Tag Archives: U2

Memory Boys

chunka-chunka-chunka

chunka-chunka-chunka

Hey! I got U2’s new album! “Songs of Innocence.” It’s pretty good, kind of looking back, but not in an especially nostalgic way. More in terms of sound–kind of delving into their late 80s/early 90s voice. A little preachier than some–kind of reaching back to “The Joshua Tree” symbolism. (Yeah, I got it that it’s secular and spiritual. Thanks.) I grew up with these guys–we’re about the same age; so it’s good to check in with them, see where they are, where they’re going….

Wait. What? Uh…I have the album on my phone, but I didn’t, uh, buy it. Apparently, U2 worked some kind of master marketing deal with Apple, and the new album downloads automatically if you have an iPhone. Nice if you like U2, but still kind of…unsettling. We’re the world’s biggest band, and don’t you forget it.” Hmm. Either that or: “God, we got to get kids listening to our stuff…they think we’re their parents’ band.” Which, you know, they are.

That said, some great work from The Edge, guitar techno-wizard, some of which will have guitarists digging out their Vox amps and Memory Boy delay units, chasing those 1/16th palm-muted echoes. And some of those monstrous distorted riffs that showed up on “Achtung Baby” and “Vertigo.” “Raised by Wolves” and “Cedarwood Road” kick ass…a term not always associated with U2.  Nice that they decided to record hot–it’s an album that begs you to turn it up. Their last album “No Line on the Horizon” almost sounded like it was recorded in a whisper–like they were either depressed or suffering from migraines. On the other hand, Bono is very high in the mix. God bless him, but isn’t Bono high in every mix?

Kind of the perfect difference between U2 and Radiohead. The latter offered a stunning album–“In Rainbows”–as a pay-what-you-will download and did great, both with fans and critics. U2 says: hey, it’s free…whether you want it or not. Which probably reflects that, when you buy a Radiohead album, you never know what you’re going to get (though odds on it’ll be good…or at least provocative). When you buy U2, you pretty much know what you’re going to get and you listen for the variations (which, honestly, mostly come from The Edge).

The part that amuses me? That somewhere out there, Mick Jagger’s sitting alone in a darkened room, pouring glass after glass of Jack Daniels…utterly bereft that he never thought of this.

So much for innocence.


Moments of Surrender


Last night, I arrived home late and tired from a Playwrights West meeting; so I had a difficult awakening. Running late and taking a later bus. Predictably, it filled up. I took one of the benches toward the rear. Across from me, an older man with white hair and eyebrows, huge glasses, umbrella with a flashlight in the handle. Beside him, a sleeping man maybe ten years younger than his bus companion, leather jacket over dress slacks. Next to me, a woman in her thirties, impeccably groomed, reading magical realism by a Latino writer, and, standing in front of me, a very young woman with wet hair and wearing a puffy white and brown blouson jacket, stumbling as she attempted to text. (Who was receiving at this early hour?)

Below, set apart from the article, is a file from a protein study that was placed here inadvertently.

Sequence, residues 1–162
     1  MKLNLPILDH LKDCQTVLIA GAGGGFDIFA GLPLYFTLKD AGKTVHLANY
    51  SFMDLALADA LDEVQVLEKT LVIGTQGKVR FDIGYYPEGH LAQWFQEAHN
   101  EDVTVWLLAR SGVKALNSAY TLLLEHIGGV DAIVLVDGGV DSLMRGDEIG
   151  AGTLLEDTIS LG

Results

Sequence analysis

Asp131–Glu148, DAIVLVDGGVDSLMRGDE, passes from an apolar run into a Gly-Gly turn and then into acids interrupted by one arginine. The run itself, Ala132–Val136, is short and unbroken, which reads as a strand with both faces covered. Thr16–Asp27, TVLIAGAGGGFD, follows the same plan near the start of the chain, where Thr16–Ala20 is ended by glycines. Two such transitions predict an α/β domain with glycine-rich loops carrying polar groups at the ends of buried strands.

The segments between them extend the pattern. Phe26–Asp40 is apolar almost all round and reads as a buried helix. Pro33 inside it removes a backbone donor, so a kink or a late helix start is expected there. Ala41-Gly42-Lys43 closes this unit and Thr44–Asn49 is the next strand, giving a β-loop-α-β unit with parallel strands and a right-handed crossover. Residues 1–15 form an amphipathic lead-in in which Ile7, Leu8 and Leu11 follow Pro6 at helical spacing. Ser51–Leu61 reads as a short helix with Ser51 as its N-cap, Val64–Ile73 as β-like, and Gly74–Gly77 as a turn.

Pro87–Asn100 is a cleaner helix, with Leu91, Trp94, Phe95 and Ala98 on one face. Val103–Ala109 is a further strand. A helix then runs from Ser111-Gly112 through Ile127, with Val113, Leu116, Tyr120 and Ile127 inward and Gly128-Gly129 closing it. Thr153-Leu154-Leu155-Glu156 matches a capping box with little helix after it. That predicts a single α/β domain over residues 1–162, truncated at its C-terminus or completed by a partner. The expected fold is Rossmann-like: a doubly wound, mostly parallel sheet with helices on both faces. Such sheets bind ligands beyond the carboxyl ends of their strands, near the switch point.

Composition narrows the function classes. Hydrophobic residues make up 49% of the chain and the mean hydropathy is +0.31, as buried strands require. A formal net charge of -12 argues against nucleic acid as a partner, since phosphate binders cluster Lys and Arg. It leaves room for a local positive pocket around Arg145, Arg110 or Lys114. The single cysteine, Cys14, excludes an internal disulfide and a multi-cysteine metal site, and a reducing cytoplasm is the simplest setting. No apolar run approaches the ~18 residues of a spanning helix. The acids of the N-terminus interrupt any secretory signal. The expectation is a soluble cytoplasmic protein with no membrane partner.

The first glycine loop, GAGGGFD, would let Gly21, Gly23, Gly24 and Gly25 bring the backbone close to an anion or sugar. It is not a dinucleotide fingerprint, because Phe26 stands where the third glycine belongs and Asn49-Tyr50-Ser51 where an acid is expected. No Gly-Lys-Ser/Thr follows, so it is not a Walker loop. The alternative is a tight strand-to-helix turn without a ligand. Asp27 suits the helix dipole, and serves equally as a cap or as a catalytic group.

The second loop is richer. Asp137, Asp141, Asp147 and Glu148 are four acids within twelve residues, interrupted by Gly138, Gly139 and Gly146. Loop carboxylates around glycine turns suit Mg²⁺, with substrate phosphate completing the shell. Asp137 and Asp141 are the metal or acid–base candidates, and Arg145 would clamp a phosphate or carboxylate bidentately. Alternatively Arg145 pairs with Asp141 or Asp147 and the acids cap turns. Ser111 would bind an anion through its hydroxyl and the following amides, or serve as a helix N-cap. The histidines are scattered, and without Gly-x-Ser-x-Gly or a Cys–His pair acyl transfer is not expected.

And me, listening to U2’s “No Line on the Horizon”–sliding in and out of consciousness as though on a morphine drip. As the song “Moment of Surrender” neared its climax, we crossed the Ross Island Bridge, and the lights of the city spread into view, their lights reflecting on a blue-black Willamette River as Bono sang:

I was speeding on the subway
Through the stations of the cross
Every eye looking every other way
Counting down ’til the pain would stop
At the moment of surrender
Of vision over visibility
I did not notice the passers-by
And they did not notice me

And so we crossed our river, arriving at our individual days: the man with a flashlight in his umbrella, the businessman not entirely comfortable in his uniform, the woman carrying Latino magical images beneath her professionalism, the girl furiously texting to someone waiting to receive. And me, here now, bearing a memory of reflected lights.


Is there a time?


Advertisements for Myself


This morning, I was listening to U2’s “Miss Sarajevo,” and I felt a sudden surge of affection for “Liberation”–a drama I wrote about the Bosnian War. I’m not saying it’s the best play ever written, blah blah, but I think I can say without exaggeration that it’s a defiant, uncompromising bastard that challenges theatres and their audiences, running hard right to the edge of what’s bearable, and it would be a joy to see it up on its dark, evil feet again.

So, what the hell…here’s the info. Please pass it on if you know a theatre company that specializes in, without apologies, kicking ass:

GET LIBERATED

And while I’m at it, kudos to Origninal Works Publishing, Stark Raving Theatre, and Rude Guerrilla Theatre Company for having the balls to take the ride.